Sunday, January 20, 2013

Ronnie's Rules of 'Riting

Miscellaneous Writing Notes

”I first saw her on the beach as she walked by wearing a tiny bikini with a huge smile.”

“Ahead of them stood another young woman, this one dressed in a navy blue suit with a jacket with a wide belt that buckled at the waist and extended down to her hips.”

For the first statement, I picture a smiley face on the bikini backside. For the second, an interesting woman’s suit with an extraordinarily wide belt.

Other recent observations in published books:

Except instead of accept

To accept is to receive. “I’m happy to accept the position of team leader.”

To except something is to separate or excuse it. “Everyone, except Jim, is on the team.”

Affect and effect are often misused.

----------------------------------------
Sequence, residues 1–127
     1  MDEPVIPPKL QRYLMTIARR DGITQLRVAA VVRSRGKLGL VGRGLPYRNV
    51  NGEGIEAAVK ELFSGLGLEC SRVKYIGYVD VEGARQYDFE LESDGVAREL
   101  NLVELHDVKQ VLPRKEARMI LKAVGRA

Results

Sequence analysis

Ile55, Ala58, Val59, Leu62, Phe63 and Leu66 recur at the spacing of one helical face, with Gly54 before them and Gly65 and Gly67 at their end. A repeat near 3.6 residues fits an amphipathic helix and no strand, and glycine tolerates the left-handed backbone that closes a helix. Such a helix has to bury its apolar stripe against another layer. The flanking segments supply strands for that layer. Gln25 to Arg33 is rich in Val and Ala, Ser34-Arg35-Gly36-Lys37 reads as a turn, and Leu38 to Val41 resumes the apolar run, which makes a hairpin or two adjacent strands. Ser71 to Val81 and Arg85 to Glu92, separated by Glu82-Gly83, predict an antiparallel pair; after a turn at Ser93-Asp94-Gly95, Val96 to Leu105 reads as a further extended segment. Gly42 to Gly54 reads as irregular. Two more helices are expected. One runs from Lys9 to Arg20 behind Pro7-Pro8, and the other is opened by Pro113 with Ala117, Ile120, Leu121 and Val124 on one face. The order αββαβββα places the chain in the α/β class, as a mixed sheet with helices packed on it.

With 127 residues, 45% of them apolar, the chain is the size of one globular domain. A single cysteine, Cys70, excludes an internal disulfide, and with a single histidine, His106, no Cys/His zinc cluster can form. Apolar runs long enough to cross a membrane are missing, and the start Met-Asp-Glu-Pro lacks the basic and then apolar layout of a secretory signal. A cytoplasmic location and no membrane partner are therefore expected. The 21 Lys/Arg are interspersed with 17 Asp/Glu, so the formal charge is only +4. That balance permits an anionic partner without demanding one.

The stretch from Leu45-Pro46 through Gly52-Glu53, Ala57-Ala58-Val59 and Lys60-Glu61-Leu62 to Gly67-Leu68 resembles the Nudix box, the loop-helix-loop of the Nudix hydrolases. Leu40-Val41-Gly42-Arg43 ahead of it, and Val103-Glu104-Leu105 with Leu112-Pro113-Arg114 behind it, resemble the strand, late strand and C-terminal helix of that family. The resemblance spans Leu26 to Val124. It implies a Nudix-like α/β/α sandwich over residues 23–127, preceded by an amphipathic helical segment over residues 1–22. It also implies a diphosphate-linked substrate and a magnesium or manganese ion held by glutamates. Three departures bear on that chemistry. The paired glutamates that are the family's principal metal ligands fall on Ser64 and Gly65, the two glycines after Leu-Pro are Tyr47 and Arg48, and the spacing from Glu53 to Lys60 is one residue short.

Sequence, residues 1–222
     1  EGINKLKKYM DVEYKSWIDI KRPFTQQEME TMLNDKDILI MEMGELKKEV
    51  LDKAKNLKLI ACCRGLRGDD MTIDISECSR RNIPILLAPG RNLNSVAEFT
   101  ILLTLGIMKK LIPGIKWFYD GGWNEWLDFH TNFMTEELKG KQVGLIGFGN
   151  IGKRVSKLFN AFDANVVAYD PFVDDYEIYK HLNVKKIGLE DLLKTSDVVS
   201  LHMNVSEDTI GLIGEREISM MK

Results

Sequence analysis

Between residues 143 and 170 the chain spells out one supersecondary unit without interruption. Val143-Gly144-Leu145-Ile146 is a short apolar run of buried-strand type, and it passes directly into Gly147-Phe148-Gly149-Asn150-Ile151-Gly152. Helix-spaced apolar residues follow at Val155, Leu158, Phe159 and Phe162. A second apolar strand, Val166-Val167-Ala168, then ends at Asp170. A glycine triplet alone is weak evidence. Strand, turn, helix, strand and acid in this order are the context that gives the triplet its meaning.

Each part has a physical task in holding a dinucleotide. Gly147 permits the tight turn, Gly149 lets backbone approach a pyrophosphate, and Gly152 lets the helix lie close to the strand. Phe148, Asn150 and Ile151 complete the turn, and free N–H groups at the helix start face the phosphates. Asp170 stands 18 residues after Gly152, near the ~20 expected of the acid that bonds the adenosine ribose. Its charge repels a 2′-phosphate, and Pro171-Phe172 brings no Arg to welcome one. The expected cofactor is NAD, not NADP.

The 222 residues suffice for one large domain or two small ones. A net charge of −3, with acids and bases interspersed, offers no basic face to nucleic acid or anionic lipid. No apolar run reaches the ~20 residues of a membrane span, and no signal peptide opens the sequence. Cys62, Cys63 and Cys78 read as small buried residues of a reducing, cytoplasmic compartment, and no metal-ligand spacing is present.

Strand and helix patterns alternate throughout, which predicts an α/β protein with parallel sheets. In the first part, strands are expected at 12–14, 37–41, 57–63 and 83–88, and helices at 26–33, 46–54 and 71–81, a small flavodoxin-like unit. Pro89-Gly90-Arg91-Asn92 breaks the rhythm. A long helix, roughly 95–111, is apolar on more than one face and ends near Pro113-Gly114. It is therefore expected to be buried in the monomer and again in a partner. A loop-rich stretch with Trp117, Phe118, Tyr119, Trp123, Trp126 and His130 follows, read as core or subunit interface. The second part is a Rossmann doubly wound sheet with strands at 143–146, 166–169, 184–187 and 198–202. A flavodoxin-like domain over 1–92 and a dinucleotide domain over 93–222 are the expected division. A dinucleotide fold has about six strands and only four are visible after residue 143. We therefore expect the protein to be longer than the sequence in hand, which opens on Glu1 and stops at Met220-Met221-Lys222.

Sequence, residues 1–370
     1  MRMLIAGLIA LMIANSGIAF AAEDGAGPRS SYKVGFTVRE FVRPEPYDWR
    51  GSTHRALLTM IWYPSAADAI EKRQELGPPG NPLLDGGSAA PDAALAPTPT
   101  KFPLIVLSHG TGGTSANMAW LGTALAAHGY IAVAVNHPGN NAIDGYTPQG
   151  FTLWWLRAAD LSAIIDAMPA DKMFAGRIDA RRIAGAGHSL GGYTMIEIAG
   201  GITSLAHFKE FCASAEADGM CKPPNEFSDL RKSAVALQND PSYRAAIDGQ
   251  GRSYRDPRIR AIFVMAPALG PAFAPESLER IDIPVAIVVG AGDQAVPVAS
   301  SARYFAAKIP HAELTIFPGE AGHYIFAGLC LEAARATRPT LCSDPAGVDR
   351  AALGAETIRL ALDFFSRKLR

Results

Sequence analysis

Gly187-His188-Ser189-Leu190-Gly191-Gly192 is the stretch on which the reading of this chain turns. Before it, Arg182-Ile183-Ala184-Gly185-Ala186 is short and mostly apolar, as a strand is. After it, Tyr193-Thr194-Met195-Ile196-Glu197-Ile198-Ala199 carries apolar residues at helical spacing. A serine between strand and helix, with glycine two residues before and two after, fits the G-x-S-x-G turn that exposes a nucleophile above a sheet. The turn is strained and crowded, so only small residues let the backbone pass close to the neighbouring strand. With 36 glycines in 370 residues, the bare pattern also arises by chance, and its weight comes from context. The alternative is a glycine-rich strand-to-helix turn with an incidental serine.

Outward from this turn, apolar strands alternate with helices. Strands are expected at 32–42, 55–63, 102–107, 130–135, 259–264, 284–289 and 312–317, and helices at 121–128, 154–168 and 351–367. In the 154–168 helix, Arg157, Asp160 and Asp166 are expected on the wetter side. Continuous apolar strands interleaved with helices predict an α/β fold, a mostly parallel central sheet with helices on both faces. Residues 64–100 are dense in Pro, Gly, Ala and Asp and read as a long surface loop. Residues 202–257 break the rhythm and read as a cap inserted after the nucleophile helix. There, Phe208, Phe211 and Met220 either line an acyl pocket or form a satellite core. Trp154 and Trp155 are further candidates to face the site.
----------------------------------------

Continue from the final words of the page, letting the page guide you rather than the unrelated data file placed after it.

How did the divorce affect your life?

How effective was the counseling?

Myself should not be used as the subject of any sentence. We even hear it on news broadcasts. “Officer Opelski and myself entered the building…” When you are the subject, use I.

“Sunrise will be at five fifteen a.m. in the morning.” Would that be as opposed to the sunrise at five fifteen a.m. in the evening? Listen for this one regularly on all television stations. Probably radio, too.
Announcer whispers into the microphone: “We are here waiting for the president to arrive. He is scheduled to speak at eleven a.m. this morning.”

Okay. I know you have your own favorite errors. Go ahead, hit me with them.

Veronica Helen Hart is the author of The Prince of Keegan Bay, Champagne Books, and Elena, the Girl with the Piano, Double Edge Press. 


Nikki said...

"Driving down the road, a pothole damaged her tire." (Great ravening potholes!)

"Oranges .09 cents each." (Really? 9/100 of a cent each?)

"Whom shall I say is calling?"


Liz Fountain said...

"He was the kind of person that always used apostrophe's wrong."

That just about sums up three of my pet grammar peeves. Thanks, Ronnie!

Ute Carbone said...

"You'll get a free gift just for ordering!"
Because, you know, otherwise you have to pay for the gift.

Julie Eberhart Painter said...

Good ones, guys!